Lisa Rodriguez, one of her operating-room nurses, was the owner of both the first voice and the hand now resting reassuringly on Rita's shoulder. Lisa wasn't, of course, hers in the strict sense of the word. But Rita, like many surgeons, used possessive pronouns to describe people and things in the operating rooms she supervised. Her nurses. Her patients. Her surgical instruments.
Lisa was standing next to her. Or, rather, over her, as if Rita were one of her own patients, stretched out on a table in her operating room, over which she and Lisa traded scalpels and gossip most working days.
What's going on?
Lisa's blunt features, framed by a pale blue surgical cap that corralled her curly black hair, registered equal parts astonishment and concern.
Standing behind her, and to one side, was another woman, also an OR nurse —
— a skinny young woman with a long face. A single tuft of blond hair, glowing with a peroxide lacquer, poked out from underneath her blue cap and tumbled halfway down her forehead. With her puffy, bouffant surgical cap and emaciated frame, she looked like a mop standing on end. She was carrying some folded white blankets, tucked under one of her arms.
Wendy looked just as astonished as Lisa but not nearly as concerned.
In fact, something less seemly seemed to flicker behind Wendy's eyes (pleasure? glee?), which were as blue as her surgical cap and ringed by turquoise eye shadow. Both women were dressed in dark blue scrubs.
Just like the scrubs we wear in the operating room.
"Lisa?" God, she could barely form the word. Her tongue was concrete.
Where am I?
Without sitting up, Rita turned her head to one side and spotted dark floor tiles lying about three feet below her. She turned her head to the other side and saw the same thing. She concluded, dully, that she was lying on some kind of padded surface suspended off the floor at about waist height.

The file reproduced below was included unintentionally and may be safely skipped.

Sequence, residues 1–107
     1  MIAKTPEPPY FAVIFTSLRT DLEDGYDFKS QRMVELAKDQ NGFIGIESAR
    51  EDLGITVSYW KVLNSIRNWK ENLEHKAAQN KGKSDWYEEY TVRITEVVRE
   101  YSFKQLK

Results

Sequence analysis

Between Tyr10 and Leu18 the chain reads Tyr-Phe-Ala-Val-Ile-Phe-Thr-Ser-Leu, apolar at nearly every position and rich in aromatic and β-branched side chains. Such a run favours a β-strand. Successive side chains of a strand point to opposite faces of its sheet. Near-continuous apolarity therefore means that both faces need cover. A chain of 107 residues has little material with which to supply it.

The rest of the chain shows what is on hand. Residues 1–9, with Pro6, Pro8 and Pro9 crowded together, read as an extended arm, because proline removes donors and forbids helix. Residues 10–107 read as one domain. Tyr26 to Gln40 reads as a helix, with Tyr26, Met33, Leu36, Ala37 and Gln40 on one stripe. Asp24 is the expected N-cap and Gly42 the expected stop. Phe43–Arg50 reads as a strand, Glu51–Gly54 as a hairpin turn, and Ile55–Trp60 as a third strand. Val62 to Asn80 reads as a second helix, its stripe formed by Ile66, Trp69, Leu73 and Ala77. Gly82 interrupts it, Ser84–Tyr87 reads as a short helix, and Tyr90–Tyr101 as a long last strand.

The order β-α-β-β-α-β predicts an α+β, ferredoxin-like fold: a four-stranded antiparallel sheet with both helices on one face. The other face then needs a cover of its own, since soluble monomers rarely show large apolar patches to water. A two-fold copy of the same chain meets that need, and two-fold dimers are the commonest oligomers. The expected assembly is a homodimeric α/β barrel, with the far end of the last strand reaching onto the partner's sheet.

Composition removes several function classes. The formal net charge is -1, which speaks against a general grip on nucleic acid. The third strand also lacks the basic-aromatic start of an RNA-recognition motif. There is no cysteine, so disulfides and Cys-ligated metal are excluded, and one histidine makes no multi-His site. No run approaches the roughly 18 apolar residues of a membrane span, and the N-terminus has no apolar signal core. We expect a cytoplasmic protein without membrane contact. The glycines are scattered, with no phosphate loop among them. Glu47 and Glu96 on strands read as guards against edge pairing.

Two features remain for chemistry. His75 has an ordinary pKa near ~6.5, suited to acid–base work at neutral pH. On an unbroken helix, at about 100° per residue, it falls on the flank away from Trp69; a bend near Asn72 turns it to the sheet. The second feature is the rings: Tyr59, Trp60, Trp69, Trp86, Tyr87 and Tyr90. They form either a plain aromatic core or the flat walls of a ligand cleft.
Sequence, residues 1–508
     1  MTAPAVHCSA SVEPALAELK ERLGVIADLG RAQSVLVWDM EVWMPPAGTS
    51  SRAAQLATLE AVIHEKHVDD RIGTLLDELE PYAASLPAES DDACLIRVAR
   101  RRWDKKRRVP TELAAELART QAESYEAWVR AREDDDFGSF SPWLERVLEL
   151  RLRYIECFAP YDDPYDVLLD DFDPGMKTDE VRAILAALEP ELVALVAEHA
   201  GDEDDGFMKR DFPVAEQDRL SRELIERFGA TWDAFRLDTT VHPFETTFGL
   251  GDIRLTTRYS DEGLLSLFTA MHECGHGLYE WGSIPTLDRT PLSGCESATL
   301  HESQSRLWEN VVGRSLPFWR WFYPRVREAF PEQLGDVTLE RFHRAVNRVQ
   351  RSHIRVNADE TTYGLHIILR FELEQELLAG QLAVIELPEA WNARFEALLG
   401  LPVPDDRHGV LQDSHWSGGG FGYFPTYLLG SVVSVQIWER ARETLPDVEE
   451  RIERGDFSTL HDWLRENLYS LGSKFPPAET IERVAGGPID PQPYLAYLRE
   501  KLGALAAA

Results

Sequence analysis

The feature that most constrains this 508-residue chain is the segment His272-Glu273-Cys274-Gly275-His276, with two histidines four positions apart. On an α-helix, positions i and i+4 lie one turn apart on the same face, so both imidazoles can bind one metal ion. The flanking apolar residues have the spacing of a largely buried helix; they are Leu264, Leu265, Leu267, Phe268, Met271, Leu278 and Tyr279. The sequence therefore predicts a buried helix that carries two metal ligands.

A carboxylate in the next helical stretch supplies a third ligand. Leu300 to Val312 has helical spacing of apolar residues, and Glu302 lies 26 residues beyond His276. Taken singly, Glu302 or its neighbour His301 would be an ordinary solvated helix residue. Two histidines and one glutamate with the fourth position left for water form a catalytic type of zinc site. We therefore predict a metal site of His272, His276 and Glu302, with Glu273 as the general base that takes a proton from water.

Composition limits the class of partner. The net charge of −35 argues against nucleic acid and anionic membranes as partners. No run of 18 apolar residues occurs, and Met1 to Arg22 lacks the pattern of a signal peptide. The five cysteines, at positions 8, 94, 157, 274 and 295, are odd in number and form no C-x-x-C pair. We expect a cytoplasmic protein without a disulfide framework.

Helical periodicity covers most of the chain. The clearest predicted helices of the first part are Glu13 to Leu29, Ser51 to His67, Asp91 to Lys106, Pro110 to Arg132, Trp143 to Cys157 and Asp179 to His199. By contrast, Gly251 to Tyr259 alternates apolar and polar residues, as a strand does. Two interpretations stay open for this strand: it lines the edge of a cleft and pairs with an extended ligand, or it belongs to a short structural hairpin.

She started to sit up ...
... but something circling her chest, something flat and broad, seized her and yanked her back down again.
The rear of her head snapped down on the padded mat. Ouch! The impact worsened her headache, and she moved her hands up to cradle her aching forehead.
Or tried to.
But she couldn't.
Because her arms were pinned to her sides.
A new emotion. Not panic — her senses were still too blunted to generate panic — but Rita felt an abrupt unease that raised her from one level of semiconsciousness to a slightly-less-semi one; and she perceived, for the first time, that she lacked all control over her current situation. Rita hated not being in control. Ever. She struggled to free her arms.
"Here," Lisa said. "Let me help you, Dr. Wu."
She watched as Lisa, in one smooth motion, reached down to Rita's side and grasped a shiny metallic buckle through which wound a black band. It looked like an enormous seat belt. Lisa lifted the buckle and loosened the black band, which was pinning Rita's torso and arms to the foam pads she was lying on.
Funny, Rita thought, as Lisa pulled the band free from the buckle and freed her from the pads. It looks just like the restraining straps we use to secure patients to our operating-room tables.
Another coincidence. Like the blue scrubs.
A moment later, as Lisa loosened a second black strap binding her thighs, Rita realized, with an uneasy swirl of emotions, that it was one of the restraining straps for an operating-room table.
The same table on which she was now lying.
"What?" Rita straightened her head and tipped her chin to her chest to stare at her feet.
That was when she noticed she wasn't wearing any clothes.
Dr. Rita Wu, an assistant professor of surgery at the University of California, was strapped to an operating-room table.
Naked as the day she was born.
Without the faintest idea of how she'd gotten there.
Spencer Cameron stepped outside, closed his front door, and breathed in the early-morning air of late November in coastal San Diego. It was still dark, but faint red-and-orange embers licked the sky behind the mountains to the east.